Have you heard about the threat bailing twine and fishing line poses for Osprey?

August 11, 2014   

20140711-IMG_6146

 

Recently, I spent time appreciating the beauty of an Osprey as it flew above the river inlet where I was paddling. On other kayak trips,  I experienced similar moments of marvel while afloat below Osprey nests to watch the parents fly in and out with food for their young.

Never had the problem described in this article crossed my mind. From water level, Osprey nests look like safe, sturdy, and comfortable places for raising an Osprey family. But what might be used for lining nests could prove quite harmful.  I am encouraged that recycling and collection bins are available in some of the known Osprey nesting habitat areas. It appears that much more needs to be done.

 

Click on the link below to access the article cut from OPB Blogsite, Earthfix.

Fatal Attraction_Ospreys in a Bind with Bailing Twine

August 13, 2014

This story, from nearby Corvallis, Oregon,  caught my attention during the evening news. A baby osprey is tethered to its nest by twine. Attempts are being made to bring in a ladder truck with a basket that is tall enough to make a rescue.

Crews try to free osprey tangled in twine in its own nest

 August 14, 2014

Follow-up:

6-24-14 One-legged Heron_Coffenbury_Lake

A taller ladder truck was successfully brought to the site. However, when the rescuer reached the nest… it was empty. Apparently, the young bird freed itself.  Hopes were that the twine was worked loose. I fear that it is still entangled on the birds leg and that it will eventually cause the lose of the osprey’s foot or leg.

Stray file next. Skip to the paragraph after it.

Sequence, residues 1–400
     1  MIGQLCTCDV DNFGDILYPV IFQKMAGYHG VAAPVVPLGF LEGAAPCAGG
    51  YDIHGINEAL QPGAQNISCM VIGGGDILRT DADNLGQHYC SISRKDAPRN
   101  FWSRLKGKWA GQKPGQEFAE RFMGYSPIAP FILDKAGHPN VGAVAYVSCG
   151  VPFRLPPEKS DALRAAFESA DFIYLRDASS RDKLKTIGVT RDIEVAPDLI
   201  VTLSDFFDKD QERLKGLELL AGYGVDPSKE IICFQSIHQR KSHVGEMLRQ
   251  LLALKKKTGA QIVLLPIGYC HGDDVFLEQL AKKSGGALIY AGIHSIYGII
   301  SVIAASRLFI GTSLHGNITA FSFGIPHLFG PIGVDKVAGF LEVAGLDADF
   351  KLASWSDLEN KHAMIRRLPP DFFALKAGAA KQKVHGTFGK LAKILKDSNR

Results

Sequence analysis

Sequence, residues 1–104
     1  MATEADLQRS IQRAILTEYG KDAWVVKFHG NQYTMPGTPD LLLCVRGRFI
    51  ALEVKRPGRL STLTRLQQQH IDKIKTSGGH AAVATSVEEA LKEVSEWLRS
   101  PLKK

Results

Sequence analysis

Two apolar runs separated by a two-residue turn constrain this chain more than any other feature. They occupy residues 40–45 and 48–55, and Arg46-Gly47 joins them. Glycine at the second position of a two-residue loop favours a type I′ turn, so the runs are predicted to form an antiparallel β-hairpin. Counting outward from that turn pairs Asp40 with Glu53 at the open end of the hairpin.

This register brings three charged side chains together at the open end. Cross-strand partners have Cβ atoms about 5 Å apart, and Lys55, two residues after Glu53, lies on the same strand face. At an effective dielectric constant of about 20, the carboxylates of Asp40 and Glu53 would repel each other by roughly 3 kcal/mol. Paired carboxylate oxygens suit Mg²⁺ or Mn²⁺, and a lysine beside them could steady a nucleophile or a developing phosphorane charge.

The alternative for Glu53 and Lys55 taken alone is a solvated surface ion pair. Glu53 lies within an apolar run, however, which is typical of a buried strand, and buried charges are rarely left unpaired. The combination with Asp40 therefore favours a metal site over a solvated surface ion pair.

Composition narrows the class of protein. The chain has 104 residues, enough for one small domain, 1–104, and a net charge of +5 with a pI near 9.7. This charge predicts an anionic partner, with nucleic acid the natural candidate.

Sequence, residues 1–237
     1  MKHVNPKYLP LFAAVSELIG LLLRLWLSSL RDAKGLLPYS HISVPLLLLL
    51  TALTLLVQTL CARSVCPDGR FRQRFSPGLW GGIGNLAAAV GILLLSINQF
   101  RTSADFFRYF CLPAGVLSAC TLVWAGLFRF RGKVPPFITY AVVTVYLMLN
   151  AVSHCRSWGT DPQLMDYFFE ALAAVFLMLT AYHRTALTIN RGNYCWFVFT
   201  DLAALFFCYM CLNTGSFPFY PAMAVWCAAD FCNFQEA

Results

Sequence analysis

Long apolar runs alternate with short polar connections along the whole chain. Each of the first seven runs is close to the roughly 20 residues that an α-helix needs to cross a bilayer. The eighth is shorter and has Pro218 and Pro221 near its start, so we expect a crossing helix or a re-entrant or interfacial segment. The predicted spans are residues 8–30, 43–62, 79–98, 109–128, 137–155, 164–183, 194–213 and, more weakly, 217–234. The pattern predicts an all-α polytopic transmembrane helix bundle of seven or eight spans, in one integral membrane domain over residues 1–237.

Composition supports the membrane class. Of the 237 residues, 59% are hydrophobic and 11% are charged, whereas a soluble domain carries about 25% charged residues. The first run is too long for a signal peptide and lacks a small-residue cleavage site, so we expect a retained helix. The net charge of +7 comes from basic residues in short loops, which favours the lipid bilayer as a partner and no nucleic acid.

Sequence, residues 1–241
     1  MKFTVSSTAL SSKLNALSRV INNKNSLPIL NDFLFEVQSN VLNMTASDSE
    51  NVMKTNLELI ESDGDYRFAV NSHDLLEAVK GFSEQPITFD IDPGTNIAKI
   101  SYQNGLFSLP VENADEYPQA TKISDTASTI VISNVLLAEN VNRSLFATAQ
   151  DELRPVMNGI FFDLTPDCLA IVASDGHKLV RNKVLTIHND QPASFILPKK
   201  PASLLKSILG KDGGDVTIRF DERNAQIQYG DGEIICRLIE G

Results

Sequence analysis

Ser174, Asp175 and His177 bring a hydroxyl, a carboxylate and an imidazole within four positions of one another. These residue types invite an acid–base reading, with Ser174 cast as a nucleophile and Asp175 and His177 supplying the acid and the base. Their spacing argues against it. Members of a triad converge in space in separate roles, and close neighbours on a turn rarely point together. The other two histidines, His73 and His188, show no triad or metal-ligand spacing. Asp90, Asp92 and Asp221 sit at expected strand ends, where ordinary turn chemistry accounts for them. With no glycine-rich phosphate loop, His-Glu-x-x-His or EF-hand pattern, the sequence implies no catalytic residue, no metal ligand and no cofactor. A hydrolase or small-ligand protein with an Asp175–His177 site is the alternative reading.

I suspect this Great Blue Heron had a similar fate that caused the limb loss due to entanglement with fishing line. I photographed this bird on a recent kayak paddle in a small lake near the Oregon Coast.

 August 15, 2014

Some entanglements have happy endings-

Triple Rescue And Rehab Ends Well For Lucky Ospreys


 

2 comments

  1. we have gone from trapping and killing animals on purpose in the 1700’s to trapping and killing them because we stopped caring in the late 1900’s to now. Hopefully in this century we will see the errors of our lazy and wasteful ways.

    Like

    1. Sometimes it feels like we will…
      sometimes I wonder.
      Humanity’s attitude towards wildlife is equally encouraging and discouraging.
      And with more and more important environmental decisions driven by dollars instead of sense… I want to remain optimistic, even though it’s the more difficult path to follow…
      -Jane

      Liked by 1 person

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